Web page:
There is an argument to be made that Brazilian fighter Amanda Nunes is the woman who beat the woman who beat the woman.
Ronda Rousey and Cristiane ‘Cyborg’ Santos are two truly memorable scalps in her career over the last two years, and on Saturday night the 31-year old known as ‘The Lioness’ has the opportunity to clear the decks at the T-Mobile Arena here when she faces former bantamweight champion Holly Holm. Nunes has both the style, and the momentum, to make another statement against the Albuquerque-trained former multiple boxing and kick-boxing champion known as ‘the Preacher’s Daughter’.
You would not want to jinx the affair come the weekend, but on Wednesday evening at the Palms Hotel Resort in Sin City, Nunes was the recipient of three gongs at the annual Fighters Only World MMA Awards, claiming Female Fighter of The Year, Upset of the Year and Knockout of the Year, those last two for her 51-second demolition of Santos, late last year, on a night when Nunes became the first woman in the UFC to claim championships in two weight divisions simultaneously. It was a triumph for the ages.
Little wonder the fans of the sport voted for her. Now the No. 1-ranked female pound-for-pound fighter in the world, with 15 of 17 victories with a finish (12 KOs, 3 submission), she remains a dangerous foe due to her heavy-handedness and willingness to attack. It must be in bursts, and with care against Holm, who has clever, deft movement and dangerous counters of her own.
Having defeated Santos to become a double champion, Nunes has in her grasp the opportunity to go on and become the greatest female fighter of all-time in MMA. It is arguably still a year or two off, yet victory over Holm on Saturday would cap a period in which she has beaten the very best of this women’s era.
“I am the best MMA fighter of all time in general (male or female),” Nunes told the renowned Brazilian outlet Combate. “I’m going to keep on defending the featherweight title. I’m going to keep on making history.”
Nunes insisted that losses in her career had been learning stages. “All the things I went through, my losses, those really helped me. I’ve been through moments where I thought ‘I’m going to step in there and I’m going to crush her, you have no idea.’ Not today. I respect my opponents, I learned that from life. I used to think I would step in there, throw one punch and the other girl would go down and not get up again. Everytime I thought that, I lost. Fighting taught me, I learned from life. It’s a school, I’m still learning.”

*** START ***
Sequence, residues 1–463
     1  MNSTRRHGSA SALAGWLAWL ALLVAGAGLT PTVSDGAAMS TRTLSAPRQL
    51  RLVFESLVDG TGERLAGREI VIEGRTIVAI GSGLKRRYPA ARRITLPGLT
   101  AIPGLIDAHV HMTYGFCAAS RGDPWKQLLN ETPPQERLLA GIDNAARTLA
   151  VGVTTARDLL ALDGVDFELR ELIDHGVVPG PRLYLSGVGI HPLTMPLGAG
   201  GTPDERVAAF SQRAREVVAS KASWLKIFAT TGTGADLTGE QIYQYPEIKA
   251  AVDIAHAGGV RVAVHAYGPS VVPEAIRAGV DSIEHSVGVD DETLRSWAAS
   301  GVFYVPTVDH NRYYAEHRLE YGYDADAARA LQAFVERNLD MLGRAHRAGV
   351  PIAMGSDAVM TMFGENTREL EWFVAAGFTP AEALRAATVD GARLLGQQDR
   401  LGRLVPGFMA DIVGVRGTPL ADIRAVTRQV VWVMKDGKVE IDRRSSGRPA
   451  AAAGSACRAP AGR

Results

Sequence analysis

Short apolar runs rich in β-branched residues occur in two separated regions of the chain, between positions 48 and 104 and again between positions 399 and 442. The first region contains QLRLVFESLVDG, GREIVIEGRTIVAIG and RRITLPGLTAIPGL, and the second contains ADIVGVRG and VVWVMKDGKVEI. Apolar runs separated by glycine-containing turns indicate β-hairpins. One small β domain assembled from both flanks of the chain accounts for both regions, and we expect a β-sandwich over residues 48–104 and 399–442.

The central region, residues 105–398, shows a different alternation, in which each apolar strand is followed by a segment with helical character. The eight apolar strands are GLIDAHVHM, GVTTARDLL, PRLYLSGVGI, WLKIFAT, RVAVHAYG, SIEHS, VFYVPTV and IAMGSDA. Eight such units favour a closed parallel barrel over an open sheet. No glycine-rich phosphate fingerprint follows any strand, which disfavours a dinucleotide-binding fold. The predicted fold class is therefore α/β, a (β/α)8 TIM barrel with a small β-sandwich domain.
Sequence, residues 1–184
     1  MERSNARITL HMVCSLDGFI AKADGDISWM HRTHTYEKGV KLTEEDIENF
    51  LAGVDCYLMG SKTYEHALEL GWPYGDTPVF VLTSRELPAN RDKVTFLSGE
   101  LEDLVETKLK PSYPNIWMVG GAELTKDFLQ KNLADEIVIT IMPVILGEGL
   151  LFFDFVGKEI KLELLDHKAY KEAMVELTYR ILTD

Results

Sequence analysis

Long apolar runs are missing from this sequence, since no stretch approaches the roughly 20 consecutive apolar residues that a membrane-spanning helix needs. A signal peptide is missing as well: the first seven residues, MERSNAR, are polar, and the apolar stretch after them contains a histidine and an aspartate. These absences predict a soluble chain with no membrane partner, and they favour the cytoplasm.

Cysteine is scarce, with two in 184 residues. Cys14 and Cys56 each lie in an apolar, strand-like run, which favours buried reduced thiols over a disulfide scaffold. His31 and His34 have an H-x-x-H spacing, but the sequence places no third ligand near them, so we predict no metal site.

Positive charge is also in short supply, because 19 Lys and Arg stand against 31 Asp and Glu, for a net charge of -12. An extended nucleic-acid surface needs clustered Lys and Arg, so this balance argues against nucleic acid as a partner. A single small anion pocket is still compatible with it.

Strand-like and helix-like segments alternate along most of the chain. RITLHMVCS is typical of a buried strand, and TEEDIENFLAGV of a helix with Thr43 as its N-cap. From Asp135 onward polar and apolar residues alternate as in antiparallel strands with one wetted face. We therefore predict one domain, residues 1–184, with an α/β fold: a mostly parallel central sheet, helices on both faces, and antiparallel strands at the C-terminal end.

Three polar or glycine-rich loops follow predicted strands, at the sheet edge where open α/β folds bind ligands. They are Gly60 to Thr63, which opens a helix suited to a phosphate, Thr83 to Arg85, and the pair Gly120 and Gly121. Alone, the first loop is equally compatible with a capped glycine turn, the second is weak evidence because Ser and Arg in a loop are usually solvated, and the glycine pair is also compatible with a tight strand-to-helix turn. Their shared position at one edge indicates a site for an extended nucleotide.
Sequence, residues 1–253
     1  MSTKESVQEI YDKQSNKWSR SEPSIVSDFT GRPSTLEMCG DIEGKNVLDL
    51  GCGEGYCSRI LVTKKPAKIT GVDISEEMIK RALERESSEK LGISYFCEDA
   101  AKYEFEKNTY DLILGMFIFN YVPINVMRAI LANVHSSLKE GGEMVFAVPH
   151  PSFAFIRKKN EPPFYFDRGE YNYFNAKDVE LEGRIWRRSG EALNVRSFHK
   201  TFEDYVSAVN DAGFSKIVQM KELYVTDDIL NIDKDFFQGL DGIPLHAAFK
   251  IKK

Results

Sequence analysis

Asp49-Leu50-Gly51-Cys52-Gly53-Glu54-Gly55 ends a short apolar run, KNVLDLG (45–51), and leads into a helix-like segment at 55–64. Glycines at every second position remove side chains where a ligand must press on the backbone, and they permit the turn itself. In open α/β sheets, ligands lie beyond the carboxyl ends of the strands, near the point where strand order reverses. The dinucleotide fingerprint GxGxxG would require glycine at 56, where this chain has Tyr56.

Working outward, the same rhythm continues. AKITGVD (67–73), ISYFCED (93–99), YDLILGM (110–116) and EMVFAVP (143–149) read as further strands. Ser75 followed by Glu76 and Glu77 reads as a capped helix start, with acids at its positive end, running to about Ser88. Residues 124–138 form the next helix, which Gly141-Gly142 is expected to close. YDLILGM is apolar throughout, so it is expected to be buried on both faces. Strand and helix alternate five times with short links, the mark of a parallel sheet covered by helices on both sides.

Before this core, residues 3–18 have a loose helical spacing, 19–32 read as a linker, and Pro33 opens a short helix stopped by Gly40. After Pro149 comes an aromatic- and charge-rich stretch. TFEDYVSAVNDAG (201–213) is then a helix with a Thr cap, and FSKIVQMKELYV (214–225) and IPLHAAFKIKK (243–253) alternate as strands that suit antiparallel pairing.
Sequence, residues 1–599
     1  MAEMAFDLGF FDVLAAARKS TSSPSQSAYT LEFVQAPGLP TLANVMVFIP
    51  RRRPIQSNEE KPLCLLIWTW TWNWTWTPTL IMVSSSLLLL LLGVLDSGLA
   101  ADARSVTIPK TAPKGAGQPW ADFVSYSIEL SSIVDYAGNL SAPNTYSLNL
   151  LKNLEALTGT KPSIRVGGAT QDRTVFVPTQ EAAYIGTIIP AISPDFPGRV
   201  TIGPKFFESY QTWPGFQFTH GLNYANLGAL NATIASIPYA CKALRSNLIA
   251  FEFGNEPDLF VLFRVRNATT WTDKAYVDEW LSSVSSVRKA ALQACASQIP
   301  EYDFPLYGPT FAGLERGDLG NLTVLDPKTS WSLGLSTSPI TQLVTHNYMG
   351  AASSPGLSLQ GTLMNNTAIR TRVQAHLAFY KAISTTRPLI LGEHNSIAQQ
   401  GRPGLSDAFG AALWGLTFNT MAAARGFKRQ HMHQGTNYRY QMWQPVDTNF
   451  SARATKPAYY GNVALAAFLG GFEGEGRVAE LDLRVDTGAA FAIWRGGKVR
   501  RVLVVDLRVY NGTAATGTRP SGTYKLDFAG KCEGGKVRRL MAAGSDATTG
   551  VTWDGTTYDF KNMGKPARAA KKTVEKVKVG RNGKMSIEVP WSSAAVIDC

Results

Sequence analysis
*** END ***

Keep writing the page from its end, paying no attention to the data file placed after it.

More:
That speaks volumes for the fighter who was deadly accurate and showed acuity under fire within her gameplan against the terror that Santos is in the combat arena. Tunes fought to perfection, brutally countering her Brazilian compatriot and dropping her four times in under a minute of mayhem. Defeats made her seek out a new way of expressing herself in fights. Less berserker, more considered, without losing the power in her hands, and in her kicks.
“Even when life was s—, when I lost, when I was supposed to be the next one to fight Ronda, and I lost to Cat Zingano. After many talks with Nina Ansaroff [her life partner], my coaches, and some changes, I started to look for answers to my questions. I did research, I looked for psychologists, too, I did many blood tests, I switched teams. I wanted to be a new athlete, erase everything that had happened in my life and start from scratch. It was surreal. Everything put me on my path, doors began to open. When me and Nina talk about it, it’s inexplicable.”
Nunes meets Holm at UFC 239, which is headlined by a light heavyweight title contest between champion Jon Jones and Brazilian challenger Thiago Santos, the No 2 ranked UFC fighter.